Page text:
Check Out This Futuristic 3D Printed Car Body

http://singularityhub.com/2014/04/10/german-firm-3d-prints-futuristic-concept-car-body-as-a-single-piece/

German auto firm, EDAG, made a stir at this year’s Geneva Motor Show with a fully 3D printed auto body called Genesis. EDAG aids major carmakers in design and production, and they’re no stranger to the 11-day Geneva Motor Show. EDAG thinks additive manufacturing has the power to improve the entire carmaking process from design to production—and Genesis is meant to embody that potential. EDAG expects additive processes and associated automation technologies to bump productivity 100 to 1000 times in the next couple decades. 

Lighter, faster, cheaper components and lowering power usage and costs by at least 20 times will trigger a true robotic revolution

http://nextbigfuture.com/2014/04/lighter-faster-cheaper-components-and.html

Rethinking the components used in advanced prototypes such as Atlas to reduce cost and power consumption has become a major focus in robotics research as engineers seek to finally have these machines escape the lab, says Rich Mahoney, SRI’s director of robotics. “We got things that are overdesigned because there’s not been impetus for low cost and good design,” he says.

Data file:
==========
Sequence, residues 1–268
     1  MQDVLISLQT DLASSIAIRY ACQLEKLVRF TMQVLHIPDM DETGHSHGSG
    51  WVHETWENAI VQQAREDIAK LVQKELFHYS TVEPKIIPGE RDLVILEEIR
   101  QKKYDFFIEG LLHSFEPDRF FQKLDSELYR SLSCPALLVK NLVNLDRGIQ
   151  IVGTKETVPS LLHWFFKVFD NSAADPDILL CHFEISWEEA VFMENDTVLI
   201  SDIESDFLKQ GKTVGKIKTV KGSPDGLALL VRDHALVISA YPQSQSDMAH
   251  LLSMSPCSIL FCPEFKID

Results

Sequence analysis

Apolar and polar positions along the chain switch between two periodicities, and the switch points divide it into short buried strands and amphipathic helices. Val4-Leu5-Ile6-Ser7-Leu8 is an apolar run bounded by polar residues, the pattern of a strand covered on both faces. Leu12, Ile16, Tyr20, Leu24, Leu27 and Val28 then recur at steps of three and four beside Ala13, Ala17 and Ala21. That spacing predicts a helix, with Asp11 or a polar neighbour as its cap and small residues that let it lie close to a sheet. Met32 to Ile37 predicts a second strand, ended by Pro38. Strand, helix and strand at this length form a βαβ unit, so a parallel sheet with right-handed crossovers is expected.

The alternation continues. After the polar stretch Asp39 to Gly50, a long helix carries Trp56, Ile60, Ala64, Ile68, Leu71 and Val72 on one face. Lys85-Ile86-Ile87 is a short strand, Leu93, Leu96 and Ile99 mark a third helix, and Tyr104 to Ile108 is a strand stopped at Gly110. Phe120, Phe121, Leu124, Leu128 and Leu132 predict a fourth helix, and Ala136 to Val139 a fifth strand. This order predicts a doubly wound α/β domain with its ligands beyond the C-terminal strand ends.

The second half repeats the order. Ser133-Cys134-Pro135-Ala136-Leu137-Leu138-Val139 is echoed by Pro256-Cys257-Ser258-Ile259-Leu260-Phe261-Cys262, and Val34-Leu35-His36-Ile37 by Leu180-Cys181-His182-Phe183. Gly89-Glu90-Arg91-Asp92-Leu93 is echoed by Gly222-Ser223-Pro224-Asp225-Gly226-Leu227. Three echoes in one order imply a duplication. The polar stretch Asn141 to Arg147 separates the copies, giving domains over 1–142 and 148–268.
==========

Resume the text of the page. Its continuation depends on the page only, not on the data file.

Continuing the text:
Several low-cost robotic hands recently emerged from another DARPA program called ARM-H. By achieving greater complexity at lower costs, these hands could help Baxter or Unbounded’s robots perform new tasks. Roomba manufacturer iRobot worked with Harvard and Yale to create a three-fingered hand that can do anything from holding a basketball to picking up a key lying flat on a table.

If it were made in quantities of a few thousand, the hand should cost around $3,000, says Mark Claffee, principal robotics engineer at iRobot, which also makes military and telepresence robots. “It’s a dramatic change,” Claffee says, as the current going rate for a robotic hand with similar capabilities starts at around $35,000.

Smartphone-Module aus dem 3-D-Drucker

http://www.zeit.de/digital/mobil/2014-04/google-project-ara-modulares-smartphone-3d-drucker

Googles modulares Smartphone-Konzept "Project Ara" nimmt langsam Formen an. Drei verschiedene Größen sind geplant, die Einzelteile kommen aus dem 3-D-Drucker.